I tend to think about things for a bit before sharing with others. I also really like to fix things. This combination can sometimes lead to jumping into solution mode really fast when I’m discussing with others. This happened yesterday when I realized the person I was having a conversation with didn’t even agree on the same problem I was coming to him with. And I was already talking about potential solutions! Our conversation didn’t get far and I had to back up and start again.

    Since a big part of my job is coming up with solutions, I think it’s important to get it right. It’s also important to know when solutions are necessary. I jotted these notes down based on my conversation yesterday and others that I’ve learned from in the past:

    When someone is coming to me with a problem:

    1. Listen.
    2. Give them a very quick high level overview of what they are saying so you know you have it right.
    3. Ask if it’s something they want help with solving or if they are just venting. If they are just venting, move on to other topics.
    4. If they want a solution: Agree on the problem(s) they would like to solve. Contribute additional info and suggestions if needed.
    5. Ask them for their thoughts on how to solve. Add your suggestions and agree on a path forward.
    6. Follow though and follow up.

    When I’m going to someone with a problem I’m observing that directly effects me:

    1. Clearly communicate the problem from my perspective.
    2. Ask if they understand to get on the same page with them about problem I’m trying to solve.
    3. See if they agree it’s a problem to solve. If it is, ask the other person for their thoughts on how to solve. Add your suggestions.
    4. Agree on a path forward. Make it clear who will do what.
    5. Follow though and follow up.

  • Not just something to check off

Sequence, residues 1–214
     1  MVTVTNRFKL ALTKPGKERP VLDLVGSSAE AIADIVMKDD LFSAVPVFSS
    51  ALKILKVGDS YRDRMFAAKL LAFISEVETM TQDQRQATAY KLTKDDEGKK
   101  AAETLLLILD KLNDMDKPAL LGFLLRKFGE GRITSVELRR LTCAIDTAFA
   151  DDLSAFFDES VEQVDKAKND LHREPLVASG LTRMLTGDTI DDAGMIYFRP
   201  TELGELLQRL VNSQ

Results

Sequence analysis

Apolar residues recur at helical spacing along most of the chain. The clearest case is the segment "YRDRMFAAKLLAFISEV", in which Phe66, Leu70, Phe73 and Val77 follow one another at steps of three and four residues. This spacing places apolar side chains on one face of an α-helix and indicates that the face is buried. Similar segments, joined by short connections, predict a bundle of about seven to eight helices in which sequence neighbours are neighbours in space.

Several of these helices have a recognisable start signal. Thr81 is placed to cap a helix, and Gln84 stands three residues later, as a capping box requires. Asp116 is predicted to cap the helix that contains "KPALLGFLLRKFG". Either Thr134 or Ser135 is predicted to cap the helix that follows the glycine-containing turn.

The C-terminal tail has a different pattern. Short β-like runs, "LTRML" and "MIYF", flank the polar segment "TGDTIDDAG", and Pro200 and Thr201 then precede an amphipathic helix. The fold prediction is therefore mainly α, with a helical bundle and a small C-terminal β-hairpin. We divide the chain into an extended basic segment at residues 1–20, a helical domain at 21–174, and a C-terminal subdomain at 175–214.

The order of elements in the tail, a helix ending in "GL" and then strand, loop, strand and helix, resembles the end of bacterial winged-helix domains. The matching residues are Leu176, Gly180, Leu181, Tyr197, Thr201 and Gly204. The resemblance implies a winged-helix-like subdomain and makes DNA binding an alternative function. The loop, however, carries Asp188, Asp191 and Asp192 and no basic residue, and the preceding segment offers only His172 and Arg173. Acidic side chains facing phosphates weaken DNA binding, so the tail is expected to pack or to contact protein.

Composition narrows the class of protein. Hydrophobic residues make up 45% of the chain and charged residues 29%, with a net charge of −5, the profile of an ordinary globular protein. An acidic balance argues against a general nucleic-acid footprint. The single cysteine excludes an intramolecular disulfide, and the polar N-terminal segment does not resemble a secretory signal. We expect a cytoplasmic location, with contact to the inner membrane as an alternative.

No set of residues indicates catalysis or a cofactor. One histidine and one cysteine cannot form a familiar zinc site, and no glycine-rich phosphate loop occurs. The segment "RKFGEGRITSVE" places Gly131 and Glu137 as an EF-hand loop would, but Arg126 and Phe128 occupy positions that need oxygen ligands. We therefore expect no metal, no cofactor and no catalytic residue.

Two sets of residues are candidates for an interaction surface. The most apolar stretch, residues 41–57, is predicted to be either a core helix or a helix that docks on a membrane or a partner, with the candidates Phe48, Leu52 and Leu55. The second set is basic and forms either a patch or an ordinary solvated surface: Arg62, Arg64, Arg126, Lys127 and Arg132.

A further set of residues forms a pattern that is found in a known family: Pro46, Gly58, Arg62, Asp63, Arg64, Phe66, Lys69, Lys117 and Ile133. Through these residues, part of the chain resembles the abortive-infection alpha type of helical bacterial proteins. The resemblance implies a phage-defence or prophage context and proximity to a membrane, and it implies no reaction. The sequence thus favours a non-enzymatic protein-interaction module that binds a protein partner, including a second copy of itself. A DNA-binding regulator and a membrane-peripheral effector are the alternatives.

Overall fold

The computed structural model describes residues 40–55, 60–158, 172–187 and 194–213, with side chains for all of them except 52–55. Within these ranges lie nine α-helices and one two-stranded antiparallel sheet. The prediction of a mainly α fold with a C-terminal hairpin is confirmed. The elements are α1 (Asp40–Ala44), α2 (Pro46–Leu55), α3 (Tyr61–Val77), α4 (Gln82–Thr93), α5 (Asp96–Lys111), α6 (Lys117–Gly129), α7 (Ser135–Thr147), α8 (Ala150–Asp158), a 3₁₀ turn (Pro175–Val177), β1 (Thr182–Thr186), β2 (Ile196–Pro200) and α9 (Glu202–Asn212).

I was recently reviewing a design iteration that wasn’t intuitive and lacked attention to detail. I thought to myself, “You (the designer) did research and checked out how others solve a similar problem. Go back to your research, look at your inspiration, and compare it to yours.”

    Research, competitor analysis, or anything that you choose to do as a designer as part of your process to ship amazing things isn’t something just to check off. Refer back to it after every iteration. Ask yourself: Is my design as good as or better than this?

    When you’re heads-down designing, it’s easy to get caught up in technical requirements and a million other things. Referring back zooms you out a bit to help you recall the bigger picture.

  • Proposing instead of asking

    I recently joined a team of designers to lead. One of the patterns I noticed was a lack of ownership over the product areas some of the designers were working in. This came about in a few ways, but the biggest and most common sign was how someone approached a problem. Some designers propose a solution and others ask how something should be solved.

    “Should the settings be in a modal or the sidebar?”

    “Where should I show the error message?”

    When I see a question like this being asked without an accompanying design, I reach out to the designer to learn more. I go about it differently depending on the person, but overall I remind them that this is their project. They are the lead designer on it and they were put on it for a reason! I ask them to use their experience to first ask the question to themselves and start exploring possible solutions. Then, when they had a good grasp and handle on the problem and many designs that solve it, to propose the best solution (or two) instead of asking others how to.